Cathy Dyson writes about King George County.
Supervisors discuss raising their pay, decide it’s not the right time
King George supervisors haven’t gotten a raise in 20 years—and it doesn’t look like they’ll get one any time soon.
Supervisor Cedell Brooks Jr. mentioned raising the supervisor pay a few months ago. It’s been $5,000 a year since he joined the board two decades ago.
Brooks brought up the matter again Tuesday, when supervisors got their first look at the 2013–2014 budget. County Administrator Travis Quesenberry hadn’t included a raise in the budget, saying he was waiting for direction from the board.
Brooks said he’d like to see the sum raised to at least $10,000. Supervisor Ruby Brabo said this would be the time to do it, since it’s an election year.
The Code of Virginia says supervisors can adjust their pay before July 1 in a year when at least 40 percent of the board is up for election. The seats of Brooks and Supervisor John LoBuglio are on the ballot in November, and both seek re-election.
Chairman Dale Sisson Jr. said the board would be hard-pressed to pass such an increase, considering the rest of the needs of the county. That very night, board members spent almost three hours listening to various county officials spell out why 23 new positions are needed in the county.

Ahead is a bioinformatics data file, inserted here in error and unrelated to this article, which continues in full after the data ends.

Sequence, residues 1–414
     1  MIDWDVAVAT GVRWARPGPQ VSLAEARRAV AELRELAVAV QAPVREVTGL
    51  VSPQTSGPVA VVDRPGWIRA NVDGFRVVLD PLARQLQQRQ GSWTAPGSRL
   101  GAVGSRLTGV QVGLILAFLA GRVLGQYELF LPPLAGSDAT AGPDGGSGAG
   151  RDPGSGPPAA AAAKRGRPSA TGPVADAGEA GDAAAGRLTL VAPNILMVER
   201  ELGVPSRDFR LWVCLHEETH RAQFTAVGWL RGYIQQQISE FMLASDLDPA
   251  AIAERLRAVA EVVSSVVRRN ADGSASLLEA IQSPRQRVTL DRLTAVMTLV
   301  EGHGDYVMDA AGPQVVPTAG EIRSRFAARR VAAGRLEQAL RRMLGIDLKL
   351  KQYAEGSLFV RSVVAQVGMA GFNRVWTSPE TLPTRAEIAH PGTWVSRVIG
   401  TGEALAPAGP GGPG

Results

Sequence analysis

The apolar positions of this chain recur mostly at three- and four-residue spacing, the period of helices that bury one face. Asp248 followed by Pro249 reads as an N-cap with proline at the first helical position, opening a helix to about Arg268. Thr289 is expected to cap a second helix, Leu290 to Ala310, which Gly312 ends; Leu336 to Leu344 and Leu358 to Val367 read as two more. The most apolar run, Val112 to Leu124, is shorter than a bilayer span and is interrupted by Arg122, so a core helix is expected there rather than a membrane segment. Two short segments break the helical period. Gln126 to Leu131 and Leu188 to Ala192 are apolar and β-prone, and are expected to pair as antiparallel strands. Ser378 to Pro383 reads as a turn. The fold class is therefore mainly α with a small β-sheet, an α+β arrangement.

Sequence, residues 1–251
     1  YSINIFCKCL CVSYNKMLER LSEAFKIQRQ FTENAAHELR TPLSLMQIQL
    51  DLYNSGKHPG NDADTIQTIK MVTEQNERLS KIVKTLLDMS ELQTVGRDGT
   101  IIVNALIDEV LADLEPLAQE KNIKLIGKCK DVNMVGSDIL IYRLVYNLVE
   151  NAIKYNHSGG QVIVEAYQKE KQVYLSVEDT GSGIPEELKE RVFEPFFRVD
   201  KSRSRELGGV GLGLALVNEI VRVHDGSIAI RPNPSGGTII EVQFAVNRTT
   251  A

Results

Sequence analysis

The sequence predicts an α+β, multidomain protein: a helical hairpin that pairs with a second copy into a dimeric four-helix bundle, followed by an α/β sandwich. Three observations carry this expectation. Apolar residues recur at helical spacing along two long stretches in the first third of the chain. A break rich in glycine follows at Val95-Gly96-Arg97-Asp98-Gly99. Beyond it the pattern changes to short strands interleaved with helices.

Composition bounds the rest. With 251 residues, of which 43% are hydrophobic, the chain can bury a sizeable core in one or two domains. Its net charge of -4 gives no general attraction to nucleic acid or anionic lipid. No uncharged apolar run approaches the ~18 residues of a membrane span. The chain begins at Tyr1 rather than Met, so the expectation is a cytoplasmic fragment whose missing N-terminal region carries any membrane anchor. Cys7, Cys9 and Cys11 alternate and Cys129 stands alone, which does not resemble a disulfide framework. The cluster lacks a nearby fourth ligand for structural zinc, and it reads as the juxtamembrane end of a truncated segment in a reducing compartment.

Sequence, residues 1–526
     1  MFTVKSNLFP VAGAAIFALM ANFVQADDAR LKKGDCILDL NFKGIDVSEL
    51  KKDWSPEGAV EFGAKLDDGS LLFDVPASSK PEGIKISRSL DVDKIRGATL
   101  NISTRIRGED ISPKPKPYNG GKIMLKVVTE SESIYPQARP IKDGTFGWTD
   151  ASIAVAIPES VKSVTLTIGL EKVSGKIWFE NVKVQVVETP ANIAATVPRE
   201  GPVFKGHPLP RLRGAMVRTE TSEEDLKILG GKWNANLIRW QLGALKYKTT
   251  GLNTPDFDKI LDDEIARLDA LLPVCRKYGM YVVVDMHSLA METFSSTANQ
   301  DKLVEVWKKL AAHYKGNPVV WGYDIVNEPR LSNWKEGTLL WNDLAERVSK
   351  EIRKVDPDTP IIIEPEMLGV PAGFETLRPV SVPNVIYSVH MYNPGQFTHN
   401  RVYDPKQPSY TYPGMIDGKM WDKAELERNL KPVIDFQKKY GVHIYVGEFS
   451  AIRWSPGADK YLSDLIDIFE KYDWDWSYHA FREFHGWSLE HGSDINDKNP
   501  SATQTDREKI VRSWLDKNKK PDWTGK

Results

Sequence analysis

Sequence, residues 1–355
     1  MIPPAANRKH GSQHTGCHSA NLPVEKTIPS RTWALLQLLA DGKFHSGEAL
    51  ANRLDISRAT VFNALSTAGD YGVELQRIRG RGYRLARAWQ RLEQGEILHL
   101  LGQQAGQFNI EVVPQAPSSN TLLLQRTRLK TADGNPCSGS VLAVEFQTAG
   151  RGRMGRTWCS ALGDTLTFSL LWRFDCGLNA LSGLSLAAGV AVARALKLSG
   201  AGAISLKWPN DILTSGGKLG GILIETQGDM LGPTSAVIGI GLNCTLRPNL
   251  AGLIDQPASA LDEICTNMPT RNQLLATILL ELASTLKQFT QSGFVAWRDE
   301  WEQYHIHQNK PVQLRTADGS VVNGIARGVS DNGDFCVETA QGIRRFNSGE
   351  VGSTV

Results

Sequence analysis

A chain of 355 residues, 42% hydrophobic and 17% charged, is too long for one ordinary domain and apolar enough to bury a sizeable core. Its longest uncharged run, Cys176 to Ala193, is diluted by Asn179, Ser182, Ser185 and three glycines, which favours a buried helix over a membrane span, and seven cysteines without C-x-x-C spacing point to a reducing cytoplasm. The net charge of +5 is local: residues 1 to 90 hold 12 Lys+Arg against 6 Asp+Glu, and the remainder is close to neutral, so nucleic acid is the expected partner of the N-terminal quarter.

Supervisors made it clear that nothing was guaranteed, not even the $21,000 needed to promote one animal control worker from part time to full time. At this point, requests for local funds, not counting schools, total $38.3 million—which is $4.5 million more than expected revenues.
Brooks agreed that board members would look “like the bad guys” if they raised their own pay.
“As much as we need it, that would be the worst thing in the world,” Brooks said.
King George supervisors earn less than all their counterparts in neighboring counties.
Westmoreland County supervisors make $5,500 a year; their vice-chairman, $6,250, and chairman, $6,500.
In Essex, the annual pay is $6,000 for supervisors and $7,200 for the chairman.
Supervisors in the rural county of Caroline make almost as much as those in suburban Stafford County.
Caroline supervisors get $19,500 a year while those in Stafford get $20,400. Stafford’s chairman makes $21,400.
Quesenberry, King George’s county administrator, did add a new budget line for supervisors: conference fees. Each member gets $1,000 a year to pay for registration for government-sponsored conferences of his or her choosing.
“If you want to go above and beyond that, it’s on you,” Sisson said.